Pipetting order:

BSA 5% : OD 0.725
BSA 1% : OD 0.825
BSA 0,2%: OD 1.000
Milk 5% : OD 1.100
Milk 1% : OD 1.250
Milk 0,2%: OD 1.200
FCS 10% : OD 0.650
FCS 2% : OD 1.100
FCS 0,4%: OD 1.500

I don't mention the OD's at different concentrations of antigen as they are always the same, no matter what conc I use.

I find it amazing that even at the highest conc of blocking (which I think is really high) I get these high OD's. All places on the plastic must surely be covered at these conc, so something sticking to the BSA or tho the Mab?

This experiment does not help either of us.


Hi Racla,

Just looked at you results.

The results in column 8 are not as expected. I expect blanc values here, but instead the OD is about 0.5. Is there an interaction between AB1 and AB3 here? I say this also because of column 7 where you left AB1 out and found low OD's

Did you block columns 10/11. If not I would expect real high OD's as the AB's would certainly attach to the wall of the well.

I am also interested in what would happen if you switched AB1 and AB2, you would only need another AB3 then?

Keep you posted of my future experiments, will probably be next year.


Yes that is the first thing i thought of also. And when i showed these results to the person who trained me he said the same thing. What I find very strange though is that he gave me these antibodies, so he should be experiencing the same interaction between the two antibodies, but he is not!

No I added no antibody in columns 10 and 11 and so I also found it strange that the antibodies did not attach to the wells!!!

The only time I am getting a reasonable detection is when the 1st Ab is present. Would be interesting to try out the Ab2 first and then Ab1 BUT i do not have a 3rd Ab that gives colour indication to Ab1.

Tomorrow I am going to run another test (the last one before next year). So far I have the following tests in mind, please tell me if you think I should run some other combination:

1) Blocking Buffer, 1st Ab, Antigen, 2nd Ab, 3rd Ab, TMB
2) 1st Ab, Blocking Buffer, Antigen, 2nd Ab, 3rd Ab, TMB
If the above two give same readings then we can say BB is not doing its job.

3) Blocking Buffer, 3rd Ab, TMB (a combination i didnt do before)

4) 1st Ab, 2nd Ab, 3rd Ab, TMB
5) 1st Ab, Ag, 2nd Ab, 3rd Ab, TMB
(to see if the presence of Ag is making any difference)
5) 1st Ab, 3rd Ab, TMB
(to see if the presence of Ab2 makes any difference)

Anything else?


HI Bertrand,

I didnt see this message...

Your results are interesting though. See the below 2 sites:
(shows that we need to use a protein-free Blocking Buffer to prevent cross-reactivity with the antibodies)
(indicates that lower concentrations of blocking buffer may be best to prevent masking antibody-antigen interaction)

So your results do make sense. But still the same OD values were obtained. I will try dilute my blocking buffer by 5x (max dilution can be up to 10-fold) and see how I go. Therefore I will do the same trials I listed before 2x (once with undiluted blocking buffer and once with diluted blocking buffer) - since the error in our results may be due to more than one factor. Will send the results tomorrow or late this evening.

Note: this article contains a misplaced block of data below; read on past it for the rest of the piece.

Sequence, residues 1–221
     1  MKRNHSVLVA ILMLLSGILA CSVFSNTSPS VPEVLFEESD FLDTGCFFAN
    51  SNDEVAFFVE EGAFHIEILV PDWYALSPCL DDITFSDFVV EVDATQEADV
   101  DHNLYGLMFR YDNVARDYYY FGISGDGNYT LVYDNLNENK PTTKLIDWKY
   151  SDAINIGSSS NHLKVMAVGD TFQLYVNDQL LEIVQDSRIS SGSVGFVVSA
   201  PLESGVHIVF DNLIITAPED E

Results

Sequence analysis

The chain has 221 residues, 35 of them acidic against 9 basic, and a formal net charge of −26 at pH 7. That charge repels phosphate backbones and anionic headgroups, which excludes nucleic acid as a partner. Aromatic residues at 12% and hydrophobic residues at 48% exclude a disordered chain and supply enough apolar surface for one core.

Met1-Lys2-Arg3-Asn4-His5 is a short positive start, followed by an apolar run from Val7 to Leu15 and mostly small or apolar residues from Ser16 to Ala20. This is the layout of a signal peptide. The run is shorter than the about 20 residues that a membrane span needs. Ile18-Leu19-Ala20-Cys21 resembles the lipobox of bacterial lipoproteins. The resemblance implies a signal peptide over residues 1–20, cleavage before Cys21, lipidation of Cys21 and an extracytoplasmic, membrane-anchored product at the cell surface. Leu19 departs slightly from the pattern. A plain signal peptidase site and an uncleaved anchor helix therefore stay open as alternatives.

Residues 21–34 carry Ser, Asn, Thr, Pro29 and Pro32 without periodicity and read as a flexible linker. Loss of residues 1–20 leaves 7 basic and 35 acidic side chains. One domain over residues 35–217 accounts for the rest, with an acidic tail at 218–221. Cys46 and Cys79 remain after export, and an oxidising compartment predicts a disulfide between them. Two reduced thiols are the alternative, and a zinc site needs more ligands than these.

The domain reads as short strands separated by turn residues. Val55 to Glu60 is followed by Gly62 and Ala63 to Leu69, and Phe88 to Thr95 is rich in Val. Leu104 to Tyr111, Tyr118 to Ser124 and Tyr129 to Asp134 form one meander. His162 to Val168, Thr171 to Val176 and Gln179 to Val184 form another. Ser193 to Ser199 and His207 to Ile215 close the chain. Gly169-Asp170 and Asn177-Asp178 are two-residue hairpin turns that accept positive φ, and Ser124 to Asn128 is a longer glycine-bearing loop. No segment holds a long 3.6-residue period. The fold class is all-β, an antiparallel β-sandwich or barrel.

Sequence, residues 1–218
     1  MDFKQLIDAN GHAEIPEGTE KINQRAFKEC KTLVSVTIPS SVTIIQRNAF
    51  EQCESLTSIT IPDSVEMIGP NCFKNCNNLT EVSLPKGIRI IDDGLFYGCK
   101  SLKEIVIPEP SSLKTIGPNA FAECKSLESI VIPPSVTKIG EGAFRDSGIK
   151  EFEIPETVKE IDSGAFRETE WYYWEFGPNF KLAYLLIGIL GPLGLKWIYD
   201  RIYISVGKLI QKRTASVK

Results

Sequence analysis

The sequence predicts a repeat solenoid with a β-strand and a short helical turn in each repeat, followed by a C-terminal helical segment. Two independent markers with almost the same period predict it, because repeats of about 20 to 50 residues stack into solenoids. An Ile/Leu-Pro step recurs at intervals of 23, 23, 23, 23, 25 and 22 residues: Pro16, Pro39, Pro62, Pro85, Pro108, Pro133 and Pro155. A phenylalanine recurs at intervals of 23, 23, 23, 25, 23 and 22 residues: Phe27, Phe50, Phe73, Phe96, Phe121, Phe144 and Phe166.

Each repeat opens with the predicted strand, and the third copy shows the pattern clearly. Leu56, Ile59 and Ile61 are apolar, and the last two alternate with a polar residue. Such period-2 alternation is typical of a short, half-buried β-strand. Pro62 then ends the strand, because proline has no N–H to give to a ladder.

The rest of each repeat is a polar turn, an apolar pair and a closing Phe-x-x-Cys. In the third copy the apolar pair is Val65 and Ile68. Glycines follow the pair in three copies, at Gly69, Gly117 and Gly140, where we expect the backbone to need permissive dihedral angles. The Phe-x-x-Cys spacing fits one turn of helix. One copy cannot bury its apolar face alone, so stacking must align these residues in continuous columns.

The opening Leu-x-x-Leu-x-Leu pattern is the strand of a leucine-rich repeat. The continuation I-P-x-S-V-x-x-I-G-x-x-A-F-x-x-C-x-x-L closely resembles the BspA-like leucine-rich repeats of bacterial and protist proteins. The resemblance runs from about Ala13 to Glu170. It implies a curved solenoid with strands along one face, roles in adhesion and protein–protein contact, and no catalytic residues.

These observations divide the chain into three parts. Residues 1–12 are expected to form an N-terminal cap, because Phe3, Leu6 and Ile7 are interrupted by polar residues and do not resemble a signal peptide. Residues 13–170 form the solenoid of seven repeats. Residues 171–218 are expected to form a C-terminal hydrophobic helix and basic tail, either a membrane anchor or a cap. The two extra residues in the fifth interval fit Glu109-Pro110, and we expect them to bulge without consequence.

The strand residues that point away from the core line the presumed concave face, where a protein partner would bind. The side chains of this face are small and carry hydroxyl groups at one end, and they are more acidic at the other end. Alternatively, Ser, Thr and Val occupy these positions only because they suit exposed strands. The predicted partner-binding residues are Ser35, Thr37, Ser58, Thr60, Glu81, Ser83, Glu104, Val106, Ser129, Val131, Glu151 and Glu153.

I think you might be running yourself ragged for no good reason. Something's just not right. Some questions:-

Why do you use a non-protein blocker? Have you tried BSA in PBS? The R&D Systems website could give you some ideas for alternate blocking solutions. Dumb question, but are you blocking with 300ul? How long?

The comment about the conjugate being to concentrated is certainly worth considering.

Also, what plates are you using? See if the manufacturers have any data on the plates, or if anyone else using them has had problems. You will need to give them the lot number.


Hi again, I carried out the test I mentioned above...will send results tuesday since I left them at work and wont be there until tuesday.

But basically results showed:

1) Blocking buffer is not a is blocking wells perfectly...I also tried to half the concentration of blocking buffer and I also tried different timings of application of blocking buffer...both of which gave no particular difference in OD.

The protocol I have been trained to use is 200ul for 1.5 hrs.
The protocol on the data sheet of the blocking buffer I am using says 300ul repeated for 3x (ie fill wells and empty immediately - repeated three times).

Came to this conclusion since when I add blocking buffer before 1st Antibody very low signal (practically no signal), when added after 1st antibody a signal was obtained.

2) Whether or not I add the antigen and/or 2nd antibody, a signal is obatained.

3) Whenever there is 1st and 3rd antibody in plate there is a signal (Even when i added just 1st antibody, 3rd antibody, TMB) must be smthg between the two.

And as you are saying...trying lowever concentrations of 3rd antibody might be a good idea. I am using this blocking buffer simply because it is the one i found available in the other reason (and also it is the one being used by my trainer abroad). I will check what plates I am using when I go in on Tuesday - however I have tried using a plate from my lab and one given to me by the trainer and still got same results.

Thank you very much everyone for your ideas...I really appreciate it. I will get back to you all with my results on Tuesday. I will try run a plate with varying concentrations of 3rd Ab and will let you know how it goes also.

Thanks once again!!